Breaking Down Miami Dolphins' Franchise-Tag Decisions

Andrew Tornetta@AndrewTornettaCorrespondent IIFebruary 19, 2014

Sep 15, 2013; Indianapolis, IN, USA; Miami Dolphins cornerback Brent Grimes (21) celebrates with teammate after intercepting a pass during the third quarter against the Indianapolis Colts at Lucas Oil Stadium. Mandatory Credit: Andrew Weber-USA TODAY Sports
Andrew Weber-USA TODAY Sports

As the NFL offseason gets underway, one of the first decisions the Miami Dolphins have to make will be what to do with their franchise tag.

They've used the tag in two of the past three seasons, and the main question this year doesn't seem to be if they will use their tag, but rather who they will use it on.

Among their nearly 20 free agents, there are four that stand out as possible franchise-tag options, all of whom are on the defensive side of the ball.

Cornerback Brent Grimes, safety Chris Clemons and defensive tackles Paul Soliai and Randy Starks all warrant consideration for a franchise tag.

While Grimes is certainly the leading candidate to get tagged, it doesn't hurt to take a look at the other options as well.

As much as the Dolphins' front office is doing, let's break it down and take a look at the pros and cons of franchising each player.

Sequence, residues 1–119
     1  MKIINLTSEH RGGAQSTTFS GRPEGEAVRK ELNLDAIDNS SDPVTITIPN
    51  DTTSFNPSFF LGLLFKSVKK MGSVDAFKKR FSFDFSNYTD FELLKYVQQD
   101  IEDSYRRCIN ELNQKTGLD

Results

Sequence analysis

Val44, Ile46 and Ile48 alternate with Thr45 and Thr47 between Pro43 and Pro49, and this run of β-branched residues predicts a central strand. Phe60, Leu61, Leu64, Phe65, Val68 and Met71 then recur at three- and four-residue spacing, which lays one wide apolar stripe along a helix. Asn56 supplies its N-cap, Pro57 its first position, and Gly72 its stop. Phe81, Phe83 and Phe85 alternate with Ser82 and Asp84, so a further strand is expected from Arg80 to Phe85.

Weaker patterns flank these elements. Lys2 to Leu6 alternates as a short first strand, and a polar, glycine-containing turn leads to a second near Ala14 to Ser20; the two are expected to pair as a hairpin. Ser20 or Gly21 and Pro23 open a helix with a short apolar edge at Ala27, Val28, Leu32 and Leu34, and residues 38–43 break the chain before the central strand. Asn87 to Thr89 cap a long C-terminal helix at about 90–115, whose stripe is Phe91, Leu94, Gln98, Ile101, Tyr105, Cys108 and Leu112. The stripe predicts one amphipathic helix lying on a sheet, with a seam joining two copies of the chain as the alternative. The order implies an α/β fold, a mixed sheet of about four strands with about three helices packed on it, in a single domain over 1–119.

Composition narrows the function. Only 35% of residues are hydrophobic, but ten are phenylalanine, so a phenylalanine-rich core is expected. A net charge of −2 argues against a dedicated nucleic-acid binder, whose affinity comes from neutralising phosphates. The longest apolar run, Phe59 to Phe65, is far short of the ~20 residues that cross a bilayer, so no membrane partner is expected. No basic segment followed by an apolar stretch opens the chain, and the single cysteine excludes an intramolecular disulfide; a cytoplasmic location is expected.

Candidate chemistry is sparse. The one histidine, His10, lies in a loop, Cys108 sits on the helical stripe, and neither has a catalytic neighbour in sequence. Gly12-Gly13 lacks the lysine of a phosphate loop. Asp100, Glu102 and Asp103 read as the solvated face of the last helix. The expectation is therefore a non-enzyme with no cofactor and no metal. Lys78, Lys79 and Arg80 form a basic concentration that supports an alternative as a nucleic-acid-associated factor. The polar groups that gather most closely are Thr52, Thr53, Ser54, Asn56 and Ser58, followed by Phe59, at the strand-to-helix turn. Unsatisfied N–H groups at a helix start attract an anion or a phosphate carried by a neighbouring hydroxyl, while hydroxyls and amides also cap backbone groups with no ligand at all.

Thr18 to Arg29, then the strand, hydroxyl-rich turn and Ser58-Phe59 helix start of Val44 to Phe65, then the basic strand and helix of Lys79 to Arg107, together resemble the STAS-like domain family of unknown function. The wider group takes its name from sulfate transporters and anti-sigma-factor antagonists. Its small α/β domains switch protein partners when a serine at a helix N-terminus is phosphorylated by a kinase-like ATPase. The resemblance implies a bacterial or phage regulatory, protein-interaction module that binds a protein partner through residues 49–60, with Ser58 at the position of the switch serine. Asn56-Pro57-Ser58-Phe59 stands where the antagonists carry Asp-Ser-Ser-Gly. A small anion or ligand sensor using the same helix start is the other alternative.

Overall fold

Nov 24, 2013; Miami Gardens, FL, USA; Miami Dolphins strong safety Chris Clemons (30) reacts after breaking up a pass intended for Carolina Panthers tight end Greg Olsen (not picture) at Sun Life Stadium. The Panthers won 20-16. Mandatory Credit: Steve Mi
Steve Mitchell-USA TODAY Sports

Chris Clemons

One of the most consistent players on the Dolphins defense, Clemons played in all but nine snaps all season in 2013.

Pro Football Focus also rated him as the second-best player in coverage for Miami, behind only Grimes.

In man coverage, Clemons was thrown at 21 times, allowing 11 catches for two touchdowns, one interception and one pass defended. Opposing quarterbacks recorded just an 82.8 rating when targeting him.

The Dolphins secondary needs stability, and Clemons brings just that.

However, while he is a solid player, he's far from a superstar. He's also not worth the $8.1 million salary the team would be forced to pay him next season if he was franchised.

The Dolphins would love to have Clemons back, but the team would be much better suited to offer him a long-term extension than overpay him for one season.

J Pat Carter/Associated Press

Randy Starks

Playing under the franchise tag in 2013, Starks put up one of the best seasons of his career.

Pro Football Focus rated Starks as the seventh-best defensive tackle in the NFL (out of 69 players), recording four sacks, six quarterback hits and 30 quarterback hurries.

He registered pressure on the opposing quarterback once every 10 snaps, an impressive number for a defensive tackle.

He also played stellar run defense, recording 48 total tackles, 31 of which came at or behind the line of scrimmage.

Based off of his play in 2013, Starks is certainly worthy of a franchise tag.

However, the problem is that after getting tagged last year, that price would now swell to $10.14 million to tag him this time around.